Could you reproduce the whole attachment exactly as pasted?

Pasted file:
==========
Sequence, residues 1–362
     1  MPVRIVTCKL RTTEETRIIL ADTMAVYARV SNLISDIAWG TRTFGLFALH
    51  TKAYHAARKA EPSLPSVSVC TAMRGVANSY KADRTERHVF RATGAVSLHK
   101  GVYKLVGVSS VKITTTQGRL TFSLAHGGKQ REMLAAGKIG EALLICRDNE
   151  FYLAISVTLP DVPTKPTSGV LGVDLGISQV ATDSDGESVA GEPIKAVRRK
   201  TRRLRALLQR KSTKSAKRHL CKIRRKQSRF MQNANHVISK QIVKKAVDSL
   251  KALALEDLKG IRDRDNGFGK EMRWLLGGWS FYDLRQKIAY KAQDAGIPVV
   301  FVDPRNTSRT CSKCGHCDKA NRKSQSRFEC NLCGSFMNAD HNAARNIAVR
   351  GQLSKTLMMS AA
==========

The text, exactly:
Sequence, residues 1–362
     1  MPVRIVTCKL RTTEETRIIL ADTMAVYARV SNLISDIAWG TRTFGLFALH
    51  TKAYHAARKA EPSLPSVSVC TAMRGVANSY KADRTERHVF RATGAVSLHK
   101  GVYKLVGVSS VKITTTQGRL TFSLAHGGKQ REMLAAGKIG EALLICRDNE
   151  FYLAISVTLP DVPTKPTSGV LGVDLGISQV ATDSDGESVA GEPIKAVRRK
   201  TRRLRALLQR KSTKSAKRHL CKIRRKQSRF MQNANHVISK QIVKKAVDSL
   251  KALALEDLKG IRDRDNGFGK EMRWLLGGWS FYDLRQKIAY KAQDAGIPVV
   301  FVDPRNTSRT CSKCGHCDKA NRKSQSRFEC NLCGSFMNAD HNAARNIAVR
   351  GQLSKTLMMS AA